Sunday, March 15, 2009
In Richard Bach's Final Cut, a book about the fall of United Artists following the disastrous release of Michael Cimino's Heaven's Gate, the author relays a tangential anecdote about screening an early cut for the same studio's Raging Bull. The head of UA was one of the handful in attendance, as was the film's director, Martin Scorsese; and when the picture ended, the mogul went up to the filmmaker, shook his hand and said with deep sincerity, "Mr. Scorsese, you are an artist."
I've thought of this -- the fine line between genius and folly -- the two or three times I've tried to endure Joss Whedon's new series Dollhouse. That I've been unable to sit through an episode in its entirety is because the show tilts unequivocally toward the latter. It's a mess. Part of the blame has rightly been attributed to the casting of Eliza Dushku, a fan-favorite as Faith from Whedon's Buffy the Vampire Slayer and Angel. Truth be told I often found Dushku's heavy-handed shitkicking tedious even as a supporting player or special guest star. (She's similar to Michelle Rodriguez -- formerly on Lost -- in this regard.) Here, in the lead part of Echo -- an enigmatic "Active" who works and lives at a shadowy high-tech organization that hires her out (and other girls) to wealthy clients for a variety of tasks, only to erase her memory when the mission is over -- she is jarringly miscast, a one-trick pony trying to be a chameleon.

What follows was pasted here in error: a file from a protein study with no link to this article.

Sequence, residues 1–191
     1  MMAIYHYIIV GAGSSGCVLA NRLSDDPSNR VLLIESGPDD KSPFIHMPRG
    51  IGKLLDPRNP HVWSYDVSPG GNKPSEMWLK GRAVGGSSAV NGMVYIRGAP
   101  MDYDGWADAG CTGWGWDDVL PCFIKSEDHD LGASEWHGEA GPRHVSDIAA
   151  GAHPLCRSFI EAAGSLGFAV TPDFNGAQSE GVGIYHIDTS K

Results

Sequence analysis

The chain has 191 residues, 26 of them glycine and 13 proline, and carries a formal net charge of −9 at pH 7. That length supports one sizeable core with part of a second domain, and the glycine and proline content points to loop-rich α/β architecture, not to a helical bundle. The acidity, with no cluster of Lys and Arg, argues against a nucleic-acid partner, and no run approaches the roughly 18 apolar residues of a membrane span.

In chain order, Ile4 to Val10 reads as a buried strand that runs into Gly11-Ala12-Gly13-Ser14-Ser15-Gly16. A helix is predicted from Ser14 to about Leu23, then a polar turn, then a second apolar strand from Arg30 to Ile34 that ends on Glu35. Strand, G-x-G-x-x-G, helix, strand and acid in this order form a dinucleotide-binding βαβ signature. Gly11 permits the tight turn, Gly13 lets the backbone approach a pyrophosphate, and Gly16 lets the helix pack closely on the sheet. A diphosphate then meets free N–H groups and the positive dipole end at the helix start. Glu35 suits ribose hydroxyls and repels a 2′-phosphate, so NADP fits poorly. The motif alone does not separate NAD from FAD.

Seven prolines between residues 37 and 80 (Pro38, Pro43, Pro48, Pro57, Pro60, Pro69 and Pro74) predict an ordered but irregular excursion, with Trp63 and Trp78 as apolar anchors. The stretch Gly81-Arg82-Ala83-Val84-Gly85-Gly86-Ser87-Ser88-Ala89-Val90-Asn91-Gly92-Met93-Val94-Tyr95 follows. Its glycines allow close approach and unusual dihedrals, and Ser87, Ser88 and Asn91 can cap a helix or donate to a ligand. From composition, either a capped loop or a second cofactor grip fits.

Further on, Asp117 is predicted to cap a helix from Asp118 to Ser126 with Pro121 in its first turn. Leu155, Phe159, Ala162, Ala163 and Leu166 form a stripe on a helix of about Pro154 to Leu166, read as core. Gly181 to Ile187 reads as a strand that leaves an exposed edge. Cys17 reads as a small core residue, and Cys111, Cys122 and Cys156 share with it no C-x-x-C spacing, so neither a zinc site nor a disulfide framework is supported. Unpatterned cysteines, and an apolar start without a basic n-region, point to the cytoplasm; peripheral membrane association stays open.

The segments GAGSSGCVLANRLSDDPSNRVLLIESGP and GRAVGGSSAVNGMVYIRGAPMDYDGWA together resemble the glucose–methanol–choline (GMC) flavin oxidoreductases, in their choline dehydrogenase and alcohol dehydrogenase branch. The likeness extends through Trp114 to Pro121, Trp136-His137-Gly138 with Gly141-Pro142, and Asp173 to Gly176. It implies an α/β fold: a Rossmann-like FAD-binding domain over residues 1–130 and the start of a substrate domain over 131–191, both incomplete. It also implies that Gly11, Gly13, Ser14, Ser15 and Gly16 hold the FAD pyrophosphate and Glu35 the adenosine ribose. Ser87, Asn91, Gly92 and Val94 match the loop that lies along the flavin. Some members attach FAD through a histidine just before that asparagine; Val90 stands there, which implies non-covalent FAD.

Yet more than equal blame goes to Whedon, and not just for casting problems. Thematically, Dollhouse continues the exploration of his obsessions, namely the struggle of female identity in a male-dominated culture. Yet while Buffy Summers began as merely an unformed teenager, Echo is a blank slate perpetually wiped. That's a difficult foundation on which to build, and not even "the dishiest lineup of brunettes" currently on TV (Amy Acker, Olivia Williams, et al.) can disguise the painful fact that Whedon's usual strengths -- plot-development, nuanced characterizations, visual motifs -- are getting smothered before they catch fire. Another quote comes to mind, to paraphrase Pauline Kael: It's the kind of screw-up only a talented filmmaker could make.
Not to fret, however; Whedon will bounce back in fine form, if last year's groundbreaking webseries Dr. Horrible's Sing-Along Blog is any indication. Watching it on i-Tunes, I thought Dr. Horrible was an enjoyable trifle. On the "big screen" (i.e., DVD, which I encourage you to see), it evolves into a mini-masterpiece, as well as a showcase for its stellar trio of performers (Neil Patrick Harris, Nathan Fillion, and Felicia Day). Whedon's instincts as an pop-entertainer really come together here, as does his unappreciated knack for emotional shorthand. At first I thought his expected climactic detour into pathos was a mistake, but now I see it as indicative of a recurring obsession that ranks with those of the great visionary film directors, one likely to play out in infinite variations for the remainder of his career. Mr. Whedon, you are an artist.